Suspected courier, identity thief arrested in Texas


AUSTIN (KXAN) — A KXAN investigation is credited with helping catch a suspected mail and identity thief.

Matthew Smart, 39, was arrested and charged with first-degree mail fraud two days after KXAN released exclusive surveillance video capturing a mail theft in Leander. It turns out authorities recognized him from the KXAN report, which is referenced multiple times in the arrest affidavit.

“I asked Matthew [Smart] if he had seen the video on the news…referring to KXAN surveillance footage of the Leander mail theft, an officer wrote in the report. “[Smart] said he did not want to incriminate himself.

In surveillance video from the Crystal Falls Home Owners Association in Leander, two men are seen arriving in a Jeep Renegade. The Jeep was stolen from rental company Free2Move, the company confirmed, and was later found painted black with the license plates removed, according to the arrest report. The vehicle was abandoned around the time the KXAN report first aired.

Leander’s surveillance video shows a crime that is becoming increasingly common and rarely seen in action. Two men wearing masks are seen using a US Postal Service ‘master key’ to steal hundreds of pieces of mail from clustered community mailboxes.

“Absolutely fantastic,” said Marc Petrick with a sense of relief. “It really looks like he’s someone who needs to be caught because this, this affected a much wider scope than just Leander.”

Petrick lives at the Crystal Falls HOA in Leander, where the surveillance video was captured.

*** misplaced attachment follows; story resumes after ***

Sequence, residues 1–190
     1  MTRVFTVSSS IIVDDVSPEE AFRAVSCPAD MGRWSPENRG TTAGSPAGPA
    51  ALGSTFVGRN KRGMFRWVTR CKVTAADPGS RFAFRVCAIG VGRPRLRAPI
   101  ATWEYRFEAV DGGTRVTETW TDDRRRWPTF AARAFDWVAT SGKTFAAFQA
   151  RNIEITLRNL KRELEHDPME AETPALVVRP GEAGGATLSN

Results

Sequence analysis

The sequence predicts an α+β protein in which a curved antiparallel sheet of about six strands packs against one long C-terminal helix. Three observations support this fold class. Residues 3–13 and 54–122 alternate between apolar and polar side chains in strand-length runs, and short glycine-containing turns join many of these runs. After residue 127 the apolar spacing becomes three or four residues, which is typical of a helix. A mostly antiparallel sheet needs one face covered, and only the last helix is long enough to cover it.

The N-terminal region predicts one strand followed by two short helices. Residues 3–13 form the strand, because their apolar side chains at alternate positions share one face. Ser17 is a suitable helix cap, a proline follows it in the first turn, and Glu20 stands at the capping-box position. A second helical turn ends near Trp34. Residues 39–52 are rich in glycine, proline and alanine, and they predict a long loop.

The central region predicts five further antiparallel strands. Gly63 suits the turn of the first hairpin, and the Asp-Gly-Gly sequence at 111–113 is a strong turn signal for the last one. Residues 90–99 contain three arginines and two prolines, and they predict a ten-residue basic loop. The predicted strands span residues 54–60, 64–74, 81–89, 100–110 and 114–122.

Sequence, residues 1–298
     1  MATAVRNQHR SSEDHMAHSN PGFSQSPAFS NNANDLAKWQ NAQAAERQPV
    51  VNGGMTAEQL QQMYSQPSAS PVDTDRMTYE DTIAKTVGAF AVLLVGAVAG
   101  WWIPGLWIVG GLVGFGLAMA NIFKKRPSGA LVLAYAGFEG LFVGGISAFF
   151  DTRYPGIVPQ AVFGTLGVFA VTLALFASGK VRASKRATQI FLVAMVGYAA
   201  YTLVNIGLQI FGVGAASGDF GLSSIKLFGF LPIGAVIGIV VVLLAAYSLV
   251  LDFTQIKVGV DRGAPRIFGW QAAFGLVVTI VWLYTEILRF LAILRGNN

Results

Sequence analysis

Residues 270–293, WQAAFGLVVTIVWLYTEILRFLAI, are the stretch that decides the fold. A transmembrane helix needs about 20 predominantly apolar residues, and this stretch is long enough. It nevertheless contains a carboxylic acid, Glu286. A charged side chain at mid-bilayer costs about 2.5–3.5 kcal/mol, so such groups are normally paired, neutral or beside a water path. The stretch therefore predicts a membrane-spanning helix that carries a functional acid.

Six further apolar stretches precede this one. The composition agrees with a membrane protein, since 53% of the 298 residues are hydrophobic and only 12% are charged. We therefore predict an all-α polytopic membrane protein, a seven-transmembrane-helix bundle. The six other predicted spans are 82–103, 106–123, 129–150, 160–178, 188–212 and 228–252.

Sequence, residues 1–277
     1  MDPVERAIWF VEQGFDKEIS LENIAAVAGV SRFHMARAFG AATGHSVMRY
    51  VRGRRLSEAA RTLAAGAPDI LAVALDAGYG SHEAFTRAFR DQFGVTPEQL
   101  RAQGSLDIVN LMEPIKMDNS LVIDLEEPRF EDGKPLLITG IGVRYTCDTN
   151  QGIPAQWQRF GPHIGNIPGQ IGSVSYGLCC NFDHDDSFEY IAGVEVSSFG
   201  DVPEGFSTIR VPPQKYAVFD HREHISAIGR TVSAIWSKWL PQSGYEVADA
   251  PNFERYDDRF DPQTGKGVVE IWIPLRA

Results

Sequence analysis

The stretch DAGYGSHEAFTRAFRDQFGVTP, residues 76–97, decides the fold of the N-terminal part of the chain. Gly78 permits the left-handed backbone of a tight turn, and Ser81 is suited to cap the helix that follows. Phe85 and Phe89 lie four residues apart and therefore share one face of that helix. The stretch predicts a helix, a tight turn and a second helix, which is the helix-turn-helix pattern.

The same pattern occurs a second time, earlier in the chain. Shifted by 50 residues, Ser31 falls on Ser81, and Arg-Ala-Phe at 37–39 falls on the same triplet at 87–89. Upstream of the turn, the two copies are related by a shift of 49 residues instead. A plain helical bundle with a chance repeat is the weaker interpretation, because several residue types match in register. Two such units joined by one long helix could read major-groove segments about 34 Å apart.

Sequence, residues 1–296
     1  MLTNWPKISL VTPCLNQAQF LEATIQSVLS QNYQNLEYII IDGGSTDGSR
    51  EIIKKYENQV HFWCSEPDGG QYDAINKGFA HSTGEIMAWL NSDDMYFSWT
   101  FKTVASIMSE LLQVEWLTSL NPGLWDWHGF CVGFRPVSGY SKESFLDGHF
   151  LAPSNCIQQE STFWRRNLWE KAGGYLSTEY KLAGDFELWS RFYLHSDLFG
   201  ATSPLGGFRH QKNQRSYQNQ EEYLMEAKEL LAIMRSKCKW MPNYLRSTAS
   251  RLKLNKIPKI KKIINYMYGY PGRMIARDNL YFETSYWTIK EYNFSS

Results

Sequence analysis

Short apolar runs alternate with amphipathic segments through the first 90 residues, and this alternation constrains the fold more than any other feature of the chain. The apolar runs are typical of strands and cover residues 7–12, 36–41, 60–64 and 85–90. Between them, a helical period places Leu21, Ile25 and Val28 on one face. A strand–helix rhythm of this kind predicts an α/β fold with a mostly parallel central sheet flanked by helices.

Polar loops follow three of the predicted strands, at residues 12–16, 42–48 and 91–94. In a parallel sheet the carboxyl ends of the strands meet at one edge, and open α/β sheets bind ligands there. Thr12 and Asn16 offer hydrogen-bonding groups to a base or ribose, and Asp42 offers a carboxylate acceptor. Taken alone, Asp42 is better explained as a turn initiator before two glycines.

The second suspect was identified by the Austin Police Department when officers found his bank statements inside the stolen Jeep.

The APD did not immediately respond to our request for comment and clarification on the status of this individual, whom KXAN is not naming, as he has not been charged with a crime.

The two men were photographed inside the stolen vehicle by a Free2Move employee who followed the Jeep through south-central Austin, likely after being alerted to the theft of the vehicle.

Austin police arrest an affidavit for Matthew Smart, referencing the KXAN report.

The company previously told KXAN that it was “working with law enforcement on this incident.”

“Many history of fraud”

Smart, who has an extensive criminal record, was “immediately” recognized by law enforcement as the suspect “who recently made the news,” the report said.

Inside Smart’s apartment, in addition to the methamphetamine, investigators found a key copier and several duplicate USPS keys as well as “easily more than a thousand items addressed to people who don’t.” weren’t Matthew Smart,” the report said. Police also found “numerous” bank statements, license plates, car titles, passports, blank checks with a printer, checks addressed to individuals, driver’s licenses, social security cards, tax information and credit cards. credit.

None of this belonged to Smart, according to the arrest report, who initially tried to lie about his name. Police noted that he had “a long history” of counterfeiting and fraud and that at the time of his arrest he had an active warrant for debit card fraud and a previous conviction for mail theft.

The theft of highly sensitive personal information – particularly at tax time – suggests it is likely linked to an impersonation operation.